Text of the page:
Genome engineering company Inscripta raises $125M

BOULDER — Inscripta Inc. said it raised $125 million in its Series D funding round, almost doubling its total funding haul as it prepares to start commercializing its gene engineering system.

The round was led by Paladin Capital Group, along with previous investors and new investors JS Capital Management LLC and Oak HC. The Boulder company is developing a series of instruments and software for researchers to create libraries of modified cells and track how those cells react within an experiment.

“We are excited to see that by overcoming the limitations of existing CRISPR-based gene editing, our digital genome engineering tools are already having a significant impact by enabling researchers to design experiments that were previously impossible,” CEO Kevin Ness said in a prepared statement.

The company expects to start shipping to early access customers in the first half of 2020 for around $300,000 per unit.

Genomic engineering, also known as “gene editing,” is the process of adding or removing certain parts of a living organism’s genetic blueprint and purposefully creating mutations. The process could be used to cure genetic diseases such as cancer and HIV, but remains the center of a larger debate over medical ethics of manipulating the human genome.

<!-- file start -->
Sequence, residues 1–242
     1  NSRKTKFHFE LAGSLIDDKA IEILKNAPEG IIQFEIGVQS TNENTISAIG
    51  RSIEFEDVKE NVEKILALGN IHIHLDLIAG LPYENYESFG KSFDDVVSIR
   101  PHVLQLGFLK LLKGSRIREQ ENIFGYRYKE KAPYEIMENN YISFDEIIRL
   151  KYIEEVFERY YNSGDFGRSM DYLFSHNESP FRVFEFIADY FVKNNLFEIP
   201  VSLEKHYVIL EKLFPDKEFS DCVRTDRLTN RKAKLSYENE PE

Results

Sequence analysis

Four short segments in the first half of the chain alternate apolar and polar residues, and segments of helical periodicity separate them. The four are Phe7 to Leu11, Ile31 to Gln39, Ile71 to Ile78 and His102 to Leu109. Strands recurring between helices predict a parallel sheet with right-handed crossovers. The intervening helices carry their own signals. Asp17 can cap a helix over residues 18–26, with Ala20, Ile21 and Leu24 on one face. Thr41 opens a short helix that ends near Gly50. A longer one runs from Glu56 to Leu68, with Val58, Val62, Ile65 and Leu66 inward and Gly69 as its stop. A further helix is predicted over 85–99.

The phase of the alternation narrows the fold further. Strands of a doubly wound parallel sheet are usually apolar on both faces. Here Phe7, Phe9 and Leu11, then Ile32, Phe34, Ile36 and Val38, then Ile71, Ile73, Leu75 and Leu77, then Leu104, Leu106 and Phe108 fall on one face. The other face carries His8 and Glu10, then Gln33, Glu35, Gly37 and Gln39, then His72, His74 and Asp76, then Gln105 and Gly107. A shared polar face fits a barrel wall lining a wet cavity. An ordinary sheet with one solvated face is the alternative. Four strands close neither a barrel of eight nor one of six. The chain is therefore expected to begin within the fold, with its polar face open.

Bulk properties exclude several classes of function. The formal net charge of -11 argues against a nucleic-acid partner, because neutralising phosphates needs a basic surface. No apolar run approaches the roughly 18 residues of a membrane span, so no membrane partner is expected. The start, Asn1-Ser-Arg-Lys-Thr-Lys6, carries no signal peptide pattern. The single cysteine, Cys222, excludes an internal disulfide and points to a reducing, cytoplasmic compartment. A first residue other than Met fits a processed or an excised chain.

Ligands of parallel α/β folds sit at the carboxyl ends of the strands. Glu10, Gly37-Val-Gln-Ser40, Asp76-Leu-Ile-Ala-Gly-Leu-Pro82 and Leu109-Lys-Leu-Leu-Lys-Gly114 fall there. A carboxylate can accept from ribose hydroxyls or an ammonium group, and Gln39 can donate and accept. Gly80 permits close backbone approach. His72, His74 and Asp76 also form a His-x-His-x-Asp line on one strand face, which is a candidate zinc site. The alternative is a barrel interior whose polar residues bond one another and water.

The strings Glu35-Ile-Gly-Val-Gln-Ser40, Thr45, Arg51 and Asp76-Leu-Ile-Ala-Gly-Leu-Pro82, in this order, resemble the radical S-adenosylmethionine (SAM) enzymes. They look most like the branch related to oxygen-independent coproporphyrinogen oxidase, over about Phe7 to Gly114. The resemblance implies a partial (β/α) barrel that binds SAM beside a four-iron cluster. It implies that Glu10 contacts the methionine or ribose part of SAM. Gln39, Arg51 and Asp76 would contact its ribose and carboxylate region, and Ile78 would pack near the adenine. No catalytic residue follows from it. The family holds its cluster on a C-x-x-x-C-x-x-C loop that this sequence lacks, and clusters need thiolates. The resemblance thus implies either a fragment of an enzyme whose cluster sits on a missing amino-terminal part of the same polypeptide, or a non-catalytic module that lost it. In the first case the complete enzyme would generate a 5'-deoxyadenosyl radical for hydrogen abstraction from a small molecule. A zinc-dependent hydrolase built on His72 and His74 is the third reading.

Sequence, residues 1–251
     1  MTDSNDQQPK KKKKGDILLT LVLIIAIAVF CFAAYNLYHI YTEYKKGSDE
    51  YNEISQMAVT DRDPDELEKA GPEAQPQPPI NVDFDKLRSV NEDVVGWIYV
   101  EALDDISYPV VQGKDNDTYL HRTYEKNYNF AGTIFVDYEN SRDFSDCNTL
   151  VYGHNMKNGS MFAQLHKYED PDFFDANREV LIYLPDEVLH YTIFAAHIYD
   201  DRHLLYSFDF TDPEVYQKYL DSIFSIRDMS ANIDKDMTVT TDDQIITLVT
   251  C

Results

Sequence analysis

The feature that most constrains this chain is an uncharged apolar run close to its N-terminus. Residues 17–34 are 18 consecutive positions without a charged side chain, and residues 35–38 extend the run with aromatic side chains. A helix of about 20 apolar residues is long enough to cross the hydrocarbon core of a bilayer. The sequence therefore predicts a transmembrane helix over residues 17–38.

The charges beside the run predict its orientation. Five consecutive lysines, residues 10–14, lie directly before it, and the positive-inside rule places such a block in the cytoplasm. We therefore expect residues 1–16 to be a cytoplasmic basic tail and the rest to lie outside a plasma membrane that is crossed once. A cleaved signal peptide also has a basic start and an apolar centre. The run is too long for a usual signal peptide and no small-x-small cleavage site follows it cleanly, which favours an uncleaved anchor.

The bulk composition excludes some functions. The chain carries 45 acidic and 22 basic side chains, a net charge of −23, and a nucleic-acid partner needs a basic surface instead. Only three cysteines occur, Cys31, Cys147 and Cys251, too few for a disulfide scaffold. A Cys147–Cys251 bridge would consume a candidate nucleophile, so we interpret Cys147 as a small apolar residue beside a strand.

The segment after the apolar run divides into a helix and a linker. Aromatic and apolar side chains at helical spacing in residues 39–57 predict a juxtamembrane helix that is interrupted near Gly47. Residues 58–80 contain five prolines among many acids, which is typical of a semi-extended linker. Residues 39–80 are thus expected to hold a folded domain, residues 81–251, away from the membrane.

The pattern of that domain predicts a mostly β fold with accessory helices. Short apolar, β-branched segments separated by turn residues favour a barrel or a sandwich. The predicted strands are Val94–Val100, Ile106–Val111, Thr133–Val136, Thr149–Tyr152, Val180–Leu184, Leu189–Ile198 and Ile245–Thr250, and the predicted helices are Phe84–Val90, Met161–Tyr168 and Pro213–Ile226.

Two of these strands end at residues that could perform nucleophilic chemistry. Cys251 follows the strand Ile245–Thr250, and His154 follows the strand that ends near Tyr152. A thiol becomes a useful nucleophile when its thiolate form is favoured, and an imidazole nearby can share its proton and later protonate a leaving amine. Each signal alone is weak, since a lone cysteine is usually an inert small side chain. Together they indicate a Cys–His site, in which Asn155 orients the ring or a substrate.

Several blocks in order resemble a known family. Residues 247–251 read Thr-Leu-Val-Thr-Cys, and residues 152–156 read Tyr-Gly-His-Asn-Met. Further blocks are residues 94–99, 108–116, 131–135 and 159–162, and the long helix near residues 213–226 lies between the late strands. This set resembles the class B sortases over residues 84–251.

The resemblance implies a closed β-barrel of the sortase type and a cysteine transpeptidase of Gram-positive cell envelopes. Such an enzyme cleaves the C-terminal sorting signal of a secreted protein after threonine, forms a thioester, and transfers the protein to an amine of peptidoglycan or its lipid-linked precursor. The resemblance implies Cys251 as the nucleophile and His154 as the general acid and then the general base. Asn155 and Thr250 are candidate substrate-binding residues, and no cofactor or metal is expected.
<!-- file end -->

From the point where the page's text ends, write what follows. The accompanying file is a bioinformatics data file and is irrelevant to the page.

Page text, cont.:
BOULDER — Inscripta Inc. said it raised $125 million in its Series D funding round, almost doubling its total funding haul as it prepares to start commercializing its gene engineering system.

The round was led by Paladin Capital Group, along with previous investors and new investors JS Capital Management LLC and Oak HC. The Boulder company is developing a series of instruments and software for researchers to create libraries of modified cells and track how those cells react within an experiment.

“We are excited to see that by overcoming the limitations of existing CRISPR-based gene editing, our digital genome engineering tools are already having a significant impact by enabling researchers to design experiments that were previously impossible,” CEO Kevin Ness said in a prepared statement.

The company expects to start shipping to early access customers in the first half of 2020 for around $300,000 per unit.

Genomic engineering, also known as “gene editing,” is the process of adding or removing certain parts of a living organism’s genetic blueprint and purposefully creating mutations. The process could be used to cure genetic diseases such as cancer and HIV, but remains the center of a larger debate over medical ethics of manipulating the human genome.